The late President Umaru Musa Yar’Adua had declared the Niger Delta amnesty project on June 25, 2009 as a five-year programme of “Disarmament, Demobilisation, and Rehabilitation or Reintegration” for armed agitators who accepted the offer of amnesty. The disarmament and demobilisation phases of the programme, which are mainly security-based, have been largely achieved. But the federal government has seemed to renege on the processes that underlie achievement of the reintegration phase, which is development-based.

To make up for its lack of commitment to the development component of the amnesty programme, the government has seemed to focus excessively on those who carried arms and ignore others in the Niger Delta who, though equally affected by the devastating consequences of oil production in the area, chose not to be armed combatants. The vast majority of the people, who were not covered by the disarmament and demobilisation phases, ought to feel the impact of the amnesty project under the reintegration phase. This phase was meant not only to disincentivise the former combatants from militancy, but also to create a strong disincentive to armed agitation and concomitant criminalities for the locals generally.

Several issues bordering on development, environment, economic justice, and land and resource ownership rights in the oil-rich region had been agreed with the federal government as part of the amnesty project. They included the East-West road, the Lagos-Calabar railway line and coastal road, construction and establishment of new towns with modern facilities in the Niger Delta, as well as establishment of tertiary institutions to bring education closer to the people in the coastal communities of the region. These projects, apart from the East-West road, which is yet to be completed, have largely remained pipe dreams.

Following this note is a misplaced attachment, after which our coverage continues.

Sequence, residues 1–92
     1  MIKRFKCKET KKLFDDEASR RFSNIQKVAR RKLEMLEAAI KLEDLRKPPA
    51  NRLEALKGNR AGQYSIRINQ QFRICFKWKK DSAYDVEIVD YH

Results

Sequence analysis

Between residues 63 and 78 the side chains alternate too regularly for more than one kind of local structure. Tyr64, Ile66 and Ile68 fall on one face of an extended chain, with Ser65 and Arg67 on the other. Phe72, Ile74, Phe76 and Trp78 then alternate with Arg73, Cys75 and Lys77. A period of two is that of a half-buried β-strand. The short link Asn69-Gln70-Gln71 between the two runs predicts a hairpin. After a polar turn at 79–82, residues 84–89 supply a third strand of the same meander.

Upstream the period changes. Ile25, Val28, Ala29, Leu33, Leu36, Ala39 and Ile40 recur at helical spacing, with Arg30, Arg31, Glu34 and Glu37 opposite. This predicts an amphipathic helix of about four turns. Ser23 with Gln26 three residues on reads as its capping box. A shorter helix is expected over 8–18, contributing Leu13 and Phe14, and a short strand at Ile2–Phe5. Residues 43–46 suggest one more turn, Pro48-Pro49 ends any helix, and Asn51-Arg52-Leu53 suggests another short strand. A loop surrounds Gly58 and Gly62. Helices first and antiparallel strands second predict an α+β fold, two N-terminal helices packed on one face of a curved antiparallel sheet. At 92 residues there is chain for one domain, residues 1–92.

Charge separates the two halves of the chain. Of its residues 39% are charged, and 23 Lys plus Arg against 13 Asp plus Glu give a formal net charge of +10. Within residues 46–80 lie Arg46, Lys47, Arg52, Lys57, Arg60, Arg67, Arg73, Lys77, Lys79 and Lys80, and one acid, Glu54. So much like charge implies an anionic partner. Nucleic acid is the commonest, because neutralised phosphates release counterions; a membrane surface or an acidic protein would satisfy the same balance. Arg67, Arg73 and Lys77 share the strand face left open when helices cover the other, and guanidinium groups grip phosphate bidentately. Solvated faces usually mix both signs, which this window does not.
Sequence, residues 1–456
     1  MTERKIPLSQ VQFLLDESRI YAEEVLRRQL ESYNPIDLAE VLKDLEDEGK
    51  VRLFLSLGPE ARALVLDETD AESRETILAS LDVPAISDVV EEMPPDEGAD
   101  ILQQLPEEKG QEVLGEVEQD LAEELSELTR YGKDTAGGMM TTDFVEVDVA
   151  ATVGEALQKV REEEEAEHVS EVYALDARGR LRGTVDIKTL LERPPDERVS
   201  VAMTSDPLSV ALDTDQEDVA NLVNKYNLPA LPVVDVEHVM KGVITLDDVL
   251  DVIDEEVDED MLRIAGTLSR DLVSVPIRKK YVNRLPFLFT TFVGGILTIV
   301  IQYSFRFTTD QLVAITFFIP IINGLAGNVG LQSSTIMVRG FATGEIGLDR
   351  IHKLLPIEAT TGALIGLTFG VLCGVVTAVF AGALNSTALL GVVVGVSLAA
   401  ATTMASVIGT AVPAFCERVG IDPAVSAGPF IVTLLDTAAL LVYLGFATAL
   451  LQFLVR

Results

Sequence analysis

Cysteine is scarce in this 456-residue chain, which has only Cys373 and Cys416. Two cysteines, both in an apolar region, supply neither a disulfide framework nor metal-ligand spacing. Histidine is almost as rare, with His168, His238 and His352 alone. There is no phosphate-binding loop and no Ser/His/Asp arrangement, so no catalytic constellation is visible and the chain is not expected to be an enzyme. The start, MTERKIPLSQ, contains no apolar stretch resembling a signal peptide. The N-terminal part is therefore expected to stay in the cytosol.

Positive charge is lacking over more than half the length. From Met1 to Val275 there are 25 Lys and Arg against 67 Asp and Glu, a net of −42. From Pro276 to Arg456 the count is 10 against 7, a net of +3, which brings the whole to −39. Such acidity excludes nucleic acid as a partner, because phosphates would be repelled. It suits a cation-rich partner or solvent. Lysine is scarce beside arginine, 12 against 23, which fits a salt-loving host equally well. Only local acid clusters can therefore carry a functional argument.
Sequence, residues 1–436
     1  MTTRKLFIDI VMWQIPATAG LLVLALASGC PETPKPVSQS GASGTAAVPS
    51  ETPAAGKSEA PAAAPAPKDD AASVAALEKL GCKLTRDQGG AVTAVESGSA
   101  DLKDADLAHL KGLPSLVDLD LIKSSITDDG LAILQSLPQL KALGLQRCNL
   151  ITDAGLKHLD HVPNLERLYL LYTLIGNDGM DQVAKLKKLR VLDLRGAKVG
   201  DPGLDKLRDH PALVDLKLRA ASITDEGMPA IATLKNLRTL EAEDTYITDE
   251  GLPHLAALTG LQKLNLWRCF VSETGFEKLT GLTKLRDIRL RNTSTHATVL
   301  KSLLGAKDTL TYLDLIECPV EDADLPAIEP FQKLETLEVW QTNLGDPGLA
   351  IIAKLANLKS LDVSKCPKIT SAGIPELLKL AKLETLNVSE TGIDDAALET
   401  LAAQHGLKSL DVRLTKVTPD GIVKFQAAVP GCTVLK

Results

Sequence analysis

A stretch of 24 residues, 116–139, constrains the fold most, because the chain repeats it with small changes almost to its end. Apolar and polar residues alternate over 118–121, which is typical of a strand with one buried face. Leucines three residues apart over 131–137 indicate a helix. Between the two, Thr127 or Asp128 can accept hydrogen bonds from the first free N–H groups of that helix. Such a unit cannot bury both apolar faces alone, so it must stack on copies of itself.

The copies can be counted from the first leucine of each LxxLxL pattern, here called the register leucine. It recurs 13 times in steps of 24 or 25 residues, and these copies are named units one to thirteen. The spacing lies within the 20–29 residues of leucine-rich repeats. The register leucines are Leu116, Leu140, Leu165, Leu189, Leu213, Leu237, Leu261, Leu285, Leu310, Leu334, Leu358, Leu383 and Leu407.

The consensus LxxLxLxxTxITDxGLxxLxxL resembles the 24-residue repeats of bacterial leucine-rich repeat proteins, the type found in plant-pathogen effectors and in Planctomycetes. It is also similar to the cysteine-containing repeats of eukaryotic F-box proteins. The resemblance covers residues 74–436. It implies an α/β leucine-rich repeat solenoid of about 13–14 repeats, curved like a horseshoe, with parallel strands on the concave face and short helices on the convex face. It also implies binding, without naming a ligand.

The United Nations Environment Programme report on the environmental restoration of Ogoniland has been swept under the carpet by the Nigerian government since 2011. Though, in August last year, Buhari launched an effort to begin the Ogoni clean-up, and there are reports that the exercise would begin next month. The issue of environmental degradation in the Niger Delta due to oil activities is an explosive problem that has been allowed to fester, while occasionally being exploited as a tool of politics.

The consequence is the continuous emergence of fringe groups trying to appeal to the popular sentiments, like NDA is doing.

The Buhari government has responded to the renewed militancy in the Niger Delta with acerbic rhetoric, which tends to signal that the administration is pinning its hopes on the military or strong-arm solution. Just a few days ago, Special Adviser to the President on Niger Delta and Coordinator of the Presidential Amnesty Programme, Brigadier-general Paul Boroh (rtd), stated, quite surprisingly, that the amnesty office is not a political office. “The office is a security office, first and foremost, not a political office,” Boroh said on an NTA programme. Misconceptions like this constitute a hindrance to the Niger Delta peace effort.

But the stakes for the government’s election of coercive methods are high. The military option may inflict a huge blow on the capacity of NDA and other groups to launch attacks now. But it could end up widening the conflict by further splintering the militancy, making it hydra-headed, creating sympathy for the fighters, and complicating efforts at political settlement.

The Buhari government should return to the original purpose of the amnesty initiative, which is the pivot of the search for a political solution to the problem of militancy in the Niger Delta.